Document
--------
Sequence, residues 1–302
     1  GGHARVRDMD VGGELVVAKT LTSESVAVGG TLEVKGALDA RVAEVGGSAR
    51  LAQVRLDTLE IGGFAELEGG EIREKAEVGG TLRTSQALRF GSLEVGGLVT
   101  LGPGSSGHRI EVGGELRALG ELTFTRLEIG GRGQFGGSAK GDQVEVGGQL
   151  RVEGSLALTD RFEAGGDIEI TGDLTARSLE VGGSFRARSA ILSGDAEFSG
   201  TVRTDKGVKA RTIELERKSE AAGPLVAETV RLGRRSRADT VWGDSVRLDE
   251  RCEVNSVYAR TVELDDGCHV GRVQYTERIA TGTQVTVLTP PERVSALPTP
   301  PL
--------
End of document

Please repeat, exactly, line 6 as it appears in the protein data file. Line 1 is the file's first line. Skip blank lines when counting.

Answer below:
   201  TVRTDKGVKA RTIELERKSE AAGPLVAETV RLGRRSRADT VWGDSVRLDE